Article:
First human influence on heat extremes several decades ago
Over the past decade, a new field of science called “extreme event attribution” has emerged, which allows for answering the question: did climate change play a role in this specific extreme event? Many attribution studies of recent hot extremes find a dominant contribution of anthropogenic climate change to their probability of occurrence. For example, human-induced climate change increased the likelihood of the record hot Australian summer of 2012/2013 by at least five times and the record warm Central England temperature of 2014 by at least 13 times.
It might be expected that record warm events in previous decades may also be attributable to human-induced climate change. This was studied for observational data sets of large parts of the world, back to 1900. It turns out that the effect of climate change on extreme events extends back several decades. An example is the record- breaking hot summer of 1997/1998 in Australia. The study was carried out for both record-breaking hot years and record-breaking hot summers. The results for both hot years and hot summers are similar: the likelihood of record hot events due to anthropogenic influences has increased. Many past record hot summers have a substantial fraction of their probability of occurrence attributable to anthropogenic climate change, including high profile events such as the 2003 hot European summer.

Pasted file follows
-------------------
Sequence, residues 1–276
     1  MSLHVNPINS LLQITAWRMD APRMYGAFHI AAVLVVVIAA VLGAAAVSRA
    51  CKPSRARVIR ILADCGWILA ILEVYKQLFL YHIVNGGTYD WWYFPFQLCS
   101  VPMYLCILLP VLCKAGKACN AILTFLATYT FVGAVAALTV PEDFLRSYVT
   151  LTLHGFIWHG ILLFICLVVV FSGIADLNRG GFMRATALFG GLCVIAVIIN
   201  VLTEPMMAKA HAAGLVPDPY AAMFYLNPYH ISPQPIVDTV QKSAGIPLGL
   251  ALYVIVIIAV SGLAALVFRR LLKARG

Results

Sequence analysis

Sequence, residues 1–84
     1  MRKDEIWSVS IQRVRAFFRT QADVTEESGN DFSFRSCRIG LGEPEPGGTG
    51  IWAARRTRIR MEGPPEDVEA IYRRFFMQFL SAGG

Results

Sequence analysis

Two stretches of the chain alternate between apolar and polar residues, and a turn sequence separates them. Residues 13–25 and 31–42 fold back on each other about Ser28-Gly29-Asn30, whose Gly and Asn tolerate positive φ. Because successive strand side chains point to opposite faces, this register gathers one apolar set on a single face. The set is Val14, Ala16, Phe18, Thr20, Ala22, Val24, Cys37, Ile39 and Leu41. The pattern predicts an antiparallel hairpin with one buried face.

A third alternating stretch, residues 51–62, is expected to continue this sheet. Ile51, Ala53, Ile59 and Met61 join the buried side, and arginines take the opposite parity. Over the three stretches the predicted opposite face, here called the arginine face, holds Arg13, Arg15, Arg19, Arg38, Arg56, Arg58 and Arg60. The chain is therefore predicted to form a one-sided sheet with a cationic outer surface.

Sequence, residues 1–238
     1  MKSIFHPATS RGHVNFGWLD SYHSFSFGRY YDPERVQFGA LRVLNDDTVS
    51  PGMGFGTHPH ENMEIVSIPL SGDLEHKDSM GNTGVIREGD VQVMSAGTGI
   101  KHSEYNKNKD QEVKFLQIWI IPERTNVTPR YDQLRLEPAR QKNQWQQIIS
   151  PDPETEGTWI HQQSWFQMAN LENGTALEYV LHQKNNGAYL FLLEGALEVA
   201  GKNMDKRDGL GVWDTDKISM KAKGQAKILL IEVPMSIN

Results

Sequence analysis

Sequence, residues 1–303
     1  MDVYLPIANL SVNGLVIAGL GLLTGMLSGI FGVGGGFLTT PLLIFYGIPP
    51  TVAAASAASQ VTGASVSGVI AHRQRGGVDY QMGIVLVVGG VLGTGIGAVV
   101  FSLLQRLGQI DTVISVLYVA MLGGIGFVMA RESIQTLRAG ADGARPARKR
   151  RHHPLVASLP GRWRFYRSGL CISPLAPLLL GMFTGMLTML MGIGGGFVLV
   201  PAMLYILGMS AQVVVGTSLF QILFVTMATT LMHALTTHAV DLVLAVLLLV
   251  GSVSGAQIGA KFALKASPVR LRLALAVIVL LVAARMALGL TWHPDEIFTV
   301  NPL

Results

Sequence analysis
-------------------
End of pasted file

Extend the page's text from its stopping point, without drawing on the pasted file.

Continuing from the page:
Whether or not an anthropogenic influence can be discriminated from interannual temperature variability depends on the size of the anthropogenic effect with respect to the size of variability. Interannual variability reduces with an increase of the spatial scale of a study. Thus, for time series representing larger regions of the world the imprint of an anthropogenic influence extends further back as interannual variability is reduced allowing the anthropogenic signal to appear earlier. The largest spatial scale is a global series of observations: all of the last 16 record hot years in this global series, starting as early as 1937, have a fraction of their probability of occurrence attributable to the anthropogenic influence on the climate.
Another interesting feature is the fact that in the middle of the twentieth century the likelihood of hot years reduces in the Northern Hemisphere. This effect is related to anthropogenic aerosols reducing the likelihood of hot years. The effect of anthropogenic greenhouse gases supersedes that of anthropogenic aerosols in later decades leading to an increase in the likelihood of hot years related to the total anthropogenic influence. In Australia, where the anthropogenic aerosol effect is weaker, the emergence of an anthropogenic influence, due to greenhouse gas emissions, is earlier.
Source: King et al., 2016. Geophysical Research Letters 43: 3438-3443.
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